Speaking of Obama, the idea of the “First Black President” has been a trope in popular culture since long before our current chief executive broke that particular glass ceiling. And while I don’t know for certain what was the first song to imagine a Black person in the Oval Office, I’m pretty sure Blowfly (R.I.P.) takes the cake for the most wildly offensive. Effectively an extended rewrite of his 1983 single “The First Black President,” 1988’s “Blowfly for President” imagines the day after Clarence Reid‘s diabolical alter-ego somehow wins the presidential election. The result is basically a racist fantasy straight out of the Reconstruction era: the “first Black President” sexually harasses his assistant, promises abortions to the nation’s “bitches” (and weed to smoke while waiting in line at the clinic), and proposes to solve the Middle East conflict with “one big orgy.” Basically, he makes Dave Chappelle‘s “Black Bush” look like Morgan Freeman in Deep Impact. But history, it seems, has the last laugh: our real first Black President served with unimpeachable dignity, while President Blowfly is only slightly more sexist and racist than one imagines President Trump would be. And that just might be the secret brilliance of Reid’s political satire: by casting himself as the raging stereotype of every racist’s nightmares, Blowfly demonstrates just how ridiculous those fears were in the first place.
6. James Brown: “Funky President (People It’s Bad)”
(from Reality, 1974)
For a less willfully offensive take on the African American Presidency, however, one need look no further than the Godfather himself, James Brown. Now to be fair, nowhere in the song does Brown explicitly state that the “Funky President” is Black; indeed, he claimed in his 1986 autobiography that the song was inspired by then-new President Gerald Ford, who may actually have been the whitest man to ever live. But come on; the real “Funky President” is undoubtedly Brother James himself, who even ends the song with a declaration of his political ambitions: “I need to be the mayor / So I can change some things around here.” And now that it’s been sampled by everyone from Eric B. & Rakim and Public Enemy to Kanye West and Run the Jewels, I’m pretty sure “Funky President” has a more substantial political legacy than Ford’s.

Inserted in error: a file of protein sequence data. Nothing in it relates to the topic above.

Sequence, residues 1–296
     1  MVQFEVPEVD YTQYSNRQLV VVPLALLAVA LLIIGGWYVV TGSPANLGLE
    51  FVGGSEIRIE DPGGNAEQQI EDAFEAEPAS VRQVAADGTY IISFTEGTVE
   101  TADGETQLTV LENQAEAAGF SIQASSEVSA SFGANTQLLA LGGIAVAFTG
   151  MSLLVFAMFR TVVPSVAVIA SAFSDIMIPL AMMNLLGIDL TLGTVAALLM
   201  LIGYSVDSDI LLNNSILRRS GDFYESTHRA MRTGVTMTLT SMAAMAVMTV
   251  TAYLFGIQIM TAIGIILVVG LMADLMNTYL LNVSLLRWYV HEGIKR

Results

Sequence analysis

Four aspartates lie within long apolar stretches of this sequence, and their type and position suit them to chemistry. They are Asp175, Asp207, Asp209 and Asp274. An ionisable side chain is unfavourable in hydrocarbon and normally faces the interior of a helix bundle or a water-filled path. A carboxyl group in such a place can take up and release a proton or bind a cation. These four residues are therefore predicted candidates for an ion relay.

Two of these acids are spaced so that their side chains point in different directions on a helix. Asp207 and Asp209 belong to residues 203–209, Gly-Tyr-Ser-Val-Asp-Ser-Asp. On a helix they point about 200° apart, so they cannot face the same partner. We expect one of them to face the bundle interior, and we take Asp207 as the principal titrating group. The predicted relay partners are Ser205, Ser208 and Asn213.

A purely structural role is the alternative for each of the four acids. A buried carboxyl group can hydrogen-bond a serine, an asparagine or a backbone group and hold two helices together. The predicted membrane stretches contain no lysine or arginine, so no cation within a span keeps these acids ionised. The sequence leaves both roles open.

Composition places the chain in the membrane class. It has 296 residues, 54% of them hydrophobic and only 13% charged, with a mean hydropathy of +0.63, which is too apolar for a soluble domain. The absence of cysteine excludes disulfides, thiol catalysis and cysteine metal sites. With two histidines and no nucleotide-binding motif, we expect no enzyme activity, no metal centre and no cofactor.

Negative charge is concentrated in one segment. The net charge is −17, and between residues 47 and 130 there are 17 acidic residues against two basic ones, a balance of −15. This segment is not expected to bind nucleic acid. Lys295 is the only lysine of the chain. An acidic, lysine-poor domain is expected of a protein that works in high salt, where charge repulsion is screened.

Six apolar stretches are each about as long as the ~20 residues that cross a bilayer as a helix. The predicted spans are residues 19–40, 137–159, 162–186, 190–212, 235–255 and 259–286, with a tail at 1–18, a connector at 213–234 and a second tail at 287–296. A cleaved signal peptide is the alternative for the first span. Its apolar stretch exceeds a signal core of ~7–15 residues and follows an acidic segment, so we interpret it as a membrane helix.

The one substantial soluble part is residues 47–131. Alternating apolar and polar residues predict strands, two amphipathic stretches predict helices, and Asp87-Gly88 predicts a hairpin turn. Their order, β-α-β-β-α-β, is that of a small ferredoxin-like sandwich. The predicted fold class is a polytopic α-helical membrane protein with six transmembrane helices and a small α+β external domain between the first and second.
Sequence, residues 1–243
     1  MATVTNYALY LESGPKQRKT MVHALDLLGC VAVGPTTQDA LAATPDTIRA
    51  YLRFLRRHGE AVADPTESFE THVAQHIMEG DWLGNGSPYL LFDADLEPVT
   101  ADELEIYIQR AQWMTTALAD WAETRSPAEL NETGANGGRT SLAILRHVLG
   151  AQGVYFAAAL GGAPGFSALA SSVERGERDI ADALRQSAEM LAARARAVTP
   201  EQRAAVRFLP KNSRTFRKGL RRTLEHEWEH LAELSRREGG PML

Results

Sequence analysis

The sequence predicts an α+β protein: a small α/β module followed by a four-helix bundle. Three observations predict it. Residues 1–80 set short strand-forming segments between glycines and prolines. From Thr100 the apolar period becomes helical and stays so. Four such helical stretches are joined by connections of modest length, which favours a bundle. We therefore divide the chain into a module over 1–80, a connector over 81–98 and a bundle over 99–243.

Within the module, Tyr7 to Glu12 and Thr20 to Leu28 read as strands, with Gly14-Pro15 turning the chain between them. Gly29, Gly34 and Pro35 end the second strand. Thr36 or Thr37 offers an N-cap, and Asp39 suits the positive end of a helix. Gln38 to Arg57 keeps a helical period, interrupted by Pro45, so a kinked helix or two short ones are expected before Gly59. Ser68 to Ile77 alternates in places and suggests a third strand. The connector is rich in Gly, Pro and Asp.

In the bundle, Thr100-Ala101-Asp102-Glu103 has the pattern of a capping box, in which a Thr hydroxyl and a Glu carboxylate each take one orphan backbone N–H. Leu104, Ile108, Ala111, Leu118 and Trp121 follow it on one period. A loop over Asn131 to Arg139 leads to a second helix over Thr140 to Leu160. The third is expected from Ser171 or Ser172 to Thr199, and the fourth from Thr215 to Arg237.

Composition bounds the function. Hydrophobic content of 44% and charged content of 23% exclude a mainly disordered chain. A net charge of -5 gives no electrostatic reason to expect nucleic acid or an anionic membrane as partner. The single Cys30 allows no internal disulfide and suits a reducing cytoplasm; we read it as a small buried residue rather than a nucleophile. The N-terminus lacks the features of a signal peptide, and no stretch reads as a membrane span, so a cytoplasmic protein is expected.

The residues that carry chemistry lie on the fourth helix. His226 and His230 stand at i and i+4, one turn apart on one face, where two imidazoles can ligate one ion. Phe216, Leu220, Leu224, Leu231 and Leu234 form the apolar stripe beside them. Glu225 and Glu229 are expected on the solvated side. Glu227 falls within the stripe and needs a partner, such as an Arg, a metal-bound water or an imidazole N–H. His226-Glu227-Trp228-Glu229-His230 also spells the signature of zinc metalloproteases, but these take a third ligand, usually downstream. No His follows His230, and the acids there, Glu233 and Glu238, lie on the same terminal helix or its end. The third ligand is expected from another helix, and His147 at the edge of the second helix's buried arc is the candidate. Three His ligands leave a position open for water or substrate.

7. Stevie Wonder: “You Haven’t Done Nothin'”
(from Fulfillingness’ First Finale, 1974)
When it comes to mid-1970s songs about the presidency, however, this scathing Stevie Wonder track is much more indicative of the national mood. Aimed at the disgraced President Richard Nixon–who resigned, probably coincidentally, just two days after its release as a single–“You Haven’t Done Nothin'” is more widely applicable to any politician who turns a blind eye to the people after being elected…so, most of them. And hey, in case Trump gets elected, worry not: there’s already a remix for that.
8. N * E * R * D featuring Lee Harvey and Vita: “Lapdance”
(from In Search of…, 2002)
The conceit at the heart of NER*D‘s rap-rock protest song “Lapdance” is actually kind of brilliant: comparing politicians to strippers, two careers based largely on making enticing promises and not following through. The main difference is that when a stripper offers you a free lapdance, you might actually get it; the promises of elected officials are somehow both less exciting and more frustrating.
9. Neil Young: “Campaigner”
(1976 recording, available on Decade)
But with all this demonizing of politicians, it’s easy to forget that they’re human beings, too: emotionally stunted human beings who use power to try in vain to fill the endless voids inside them, but human beings nevertheless. That’s the revelation at the heart of this understated folk-rock ballad by Neil Young, whose 1970 song “Ohio” had been one of the counterculture’s bitterest musical condemnations of Richard Nixon. Six years later, the story goes, Young happened to catch a news report that the former President Nixon’s wife Pat had suffered a stroke. He wrote another song, originally titled “Requiem for a President,” that painted Nixon as a pathetic, even tragic figure who “came too late to cause a stir” but “campaigned all [his] life toward that goal.” The song’s kicker line, “even Richard Nixon has got soul,” is a stunning about-face from Young’s earlier imagery of jackbooted “tin soldiers and Nixon coming.” It’s a fitting epilogue to the righteous dream of the ’60s: a former hippie looking at his generation’s most hated figure and actually seeing a little of his own humanity reflected back. Maybe in six years, we’ll come to feel the same way about Trump.
10. Cream: “Politician”
(from Wheels of Fire, 1968)